Everything You Ever Wanted Will Leave You Depressed Hero Image
Everything You Ever Wanted Will Leave You Depressed Hero Image
Oct 9, 2017 / 4 min

Everything You Ever Wanted Will Leave You Depressed

Jonathan Pokluda

As young adults, we all want something. We are in the building years, trying to establish careers, homes, families, or reputations. And it seems we are hard to satisfy. We are picky. We keep our options open. We have unrealistic expectations. We are notoriously unhappy and unsatisfied. We always want more. If we just had more, we would be happy.

There is at least one glaring problem with that line of logic, and his name is Solomon.

Better than You

King Solomon wrote Ecclesiastes, which we previously studied at The Porch, along with a book about romance (Song of Solomon) and the majority of a book about wisdom (Proverbs).

He was also better than you, in pretty much every way.

Not just you, but me, A-list movie stars, Fortune 500 CEOs, and every U.S. President. Few people in history have a resume that could match Solomon’s, and most of them have the word “King” (or some variation) in front of their names. Which means that, no matter what you may accomplish with the rest of your life, Solomon will still most assuredly be better than you.

In fact, there is probably not even a single area in life where you could surpass him. Solomon was:

  • Richer than you. Solomon was the richest person on the face of the earth while he was alive. In today’s dollars, his income in gold alone amounts to almost a billion dollars each year. That’s income, not net worth. If you have a coveted six-figure job, you are still only making about 0.01% of what Solomon did.

  • Smarter than you. Solomon was the wisest man in the world. Heads of state would travel for weeks and pay great sums just to learn from him.

  • More powerful than you. Well, he was king, back when kings had almost limitless power. And he was a king whom other kings paid tribute to.

  • More famous than you. Everyone knew who he was. Everyone still knows who he is.

  • Way more married than you. Hate weddings because they remind you that you are still single? Imagine being Solomon’s best man: a wedding every weekend, for years and years, and it’s always the same guy getting married. He had 700 wives and 300 live-in girlfriends. This would also suggest he had more sex than you.

  • Better-looking than you. Well, at least better-dressed, since Jesus used him as an example of someone with nice threads, and that was 1,000 years after the fact. Plus, I hear rumors that money, power, and fame can be attractive.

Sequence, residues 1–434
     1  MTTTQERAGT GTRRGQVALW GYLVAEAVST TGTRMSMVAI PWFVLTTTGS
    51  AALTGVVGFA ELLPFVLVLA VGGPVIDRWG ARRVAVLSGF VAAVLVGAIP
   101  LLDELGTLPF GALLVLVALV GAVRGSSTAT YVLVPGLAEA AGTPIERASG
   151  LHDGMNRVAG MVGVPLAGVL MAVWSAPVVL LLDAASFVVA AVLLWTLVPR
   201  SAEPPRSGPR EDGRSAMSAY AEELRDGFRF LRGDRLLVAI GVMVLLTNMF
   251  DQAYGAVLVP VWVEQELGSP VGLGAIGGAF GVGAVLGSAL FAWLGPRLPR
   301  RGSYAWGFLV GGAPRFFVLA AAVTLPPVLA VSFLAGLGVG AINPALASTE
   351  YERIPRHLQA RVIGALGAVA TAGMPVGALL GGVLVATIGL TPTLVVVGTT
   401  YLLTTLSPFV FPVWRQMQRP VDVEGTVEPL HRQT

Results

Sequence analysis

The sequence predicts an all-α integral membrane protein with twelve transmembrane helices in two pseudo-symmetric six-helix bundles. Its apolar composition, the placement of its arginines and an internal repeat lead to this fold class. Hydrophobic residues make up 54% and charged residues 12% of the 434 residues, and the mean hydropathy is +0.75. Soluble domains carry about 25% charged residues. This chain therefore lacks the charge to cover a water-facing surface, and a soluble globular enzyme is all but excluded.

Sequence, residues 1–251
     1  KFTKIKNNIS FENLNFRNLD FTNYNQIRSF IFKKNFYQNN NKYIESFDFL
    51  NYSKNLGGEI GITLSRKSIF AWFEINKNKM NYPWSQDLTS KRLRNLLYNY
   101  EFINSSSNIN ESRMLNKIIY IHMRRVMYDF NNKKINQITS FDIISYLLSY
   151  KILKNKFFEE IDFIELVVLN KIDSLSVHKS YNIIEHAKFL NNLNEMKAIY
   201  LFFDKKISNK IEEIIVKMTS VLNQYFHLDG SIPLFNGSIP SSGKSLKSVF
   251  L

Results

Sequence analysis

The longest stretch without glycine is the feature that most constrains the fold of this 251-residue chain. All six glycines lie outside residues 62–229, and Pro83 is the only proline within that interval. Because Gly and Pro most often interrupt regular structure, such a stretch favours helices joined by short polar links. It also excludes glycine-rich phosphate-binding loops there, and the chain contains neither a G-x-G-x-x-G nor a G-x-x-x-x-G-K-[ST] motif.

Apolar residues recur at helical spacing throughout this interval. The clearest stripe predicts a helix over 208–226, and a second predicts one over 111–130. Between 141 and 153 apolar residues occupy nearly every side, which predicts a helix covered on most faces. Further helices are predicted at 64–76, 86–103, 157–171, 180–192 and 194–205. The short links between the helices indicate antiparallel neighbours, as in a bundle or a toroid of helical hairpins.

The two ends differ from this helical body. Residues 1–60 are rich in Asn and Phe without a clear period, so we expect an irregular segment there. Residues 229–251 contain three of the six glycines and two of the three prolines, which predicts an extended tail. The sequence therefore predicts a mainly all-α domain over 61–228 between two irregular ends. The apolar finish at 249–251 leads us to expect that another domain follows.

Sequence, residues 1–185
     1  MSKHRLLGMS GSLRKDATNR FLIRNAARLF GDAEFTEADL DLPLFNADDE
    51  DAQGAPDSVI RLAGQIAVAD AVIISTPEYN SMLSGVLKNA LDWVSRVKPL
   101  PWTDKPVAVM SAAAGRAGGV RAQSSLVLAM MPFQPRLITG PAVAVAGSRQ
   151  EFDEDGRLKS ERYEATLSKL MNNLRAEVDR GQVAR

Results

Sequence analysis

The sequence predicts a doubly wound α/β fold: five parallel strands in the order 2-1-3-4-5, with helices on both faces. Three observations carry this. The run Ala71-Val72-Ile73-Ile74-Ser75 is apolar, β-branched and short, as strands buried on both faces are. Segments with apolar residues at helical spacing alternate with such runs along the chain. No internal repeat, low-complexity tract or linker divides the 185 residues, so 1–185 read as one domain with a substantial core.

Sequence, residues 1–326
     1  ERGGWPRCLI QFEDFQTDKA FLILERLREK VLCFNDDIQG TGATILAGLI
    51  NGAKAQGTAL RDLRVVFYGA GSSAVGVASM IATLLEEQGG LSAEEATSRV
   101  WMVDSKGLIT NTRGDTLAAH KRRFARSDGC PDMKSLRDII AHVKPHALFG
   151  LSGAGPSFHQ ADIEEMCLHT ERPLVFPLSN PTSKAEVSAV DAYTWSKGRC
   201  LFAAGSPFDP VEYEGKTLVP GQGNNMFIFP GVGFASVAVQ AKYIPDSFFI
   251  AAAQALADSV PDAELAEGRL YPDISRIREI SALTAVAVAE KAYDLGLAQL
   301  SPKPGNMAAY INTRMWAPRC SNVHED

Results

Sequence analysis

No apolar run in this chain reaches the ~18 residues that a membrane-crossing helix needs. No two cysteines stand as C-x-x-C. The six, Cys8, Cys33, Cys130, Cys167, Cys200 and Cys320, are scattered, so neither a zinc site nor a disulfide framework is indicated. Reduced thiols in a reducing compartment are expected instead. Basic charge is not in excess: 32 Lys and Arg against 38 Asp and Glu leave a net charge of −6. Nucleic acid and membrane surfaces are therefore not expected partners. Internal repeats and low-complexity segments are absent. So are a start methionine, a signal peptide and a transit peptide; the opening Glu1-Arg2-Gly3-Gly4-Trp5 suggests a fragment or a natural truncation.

• Better at partying than you. Based just on the amount of food consumed, it is estimated that Solomon had as many as 15,000 people over for dinner. Every night. On one special occasion, he invited pretty much the whole country, and the menu included 22,000 cattle and 120,000 sheep and goats.

  • More successful than you. See all of the above, and then factor in that he also built fleets of ships, planted forests, and built the temple. He had 30,000 people working for him, and his not-so-humble abode was a palace it took them 13 years to build.

In other words, whatever earthly things you might be chasing after, Solomon had them and had them to the absolute max.


If any of those things had the power to bring happiness, then Solomon should have been the happiest guy on the planet. Ecclesiastes shows us otherwise. Writing the book after he had achieved all of his success, Solomon starts off by getting right to the point:

“Meaningless! Meaningless!” says the Teacher. “Utterly meaningless! Everything is meaningless.” Ecclesiastes 1:2

You see, there is one benefit to having absolutely everything: you can know for certain that none of it has any true value. The rest of us may falsely believe that we will finally be happy when we have this job, or that amount of money, or this type of relationship. When we get those things and find that we are still not happy, we somehow think that the solution is to get yet more of what we already have. Solomon knows better—he knows it for a fact—and is desperately trying, through Ecclesiastes, to keep us from making the same mistake.

Don’t repeat the experiment. Don’t waste your life chasing after meaningless things.

So how can you find meaning and happiness and avoid a 1/4 Life Crisis? Come to The Porch to find out.

– JP (with Keven McConaghy)

(Originally published September 23, 2013)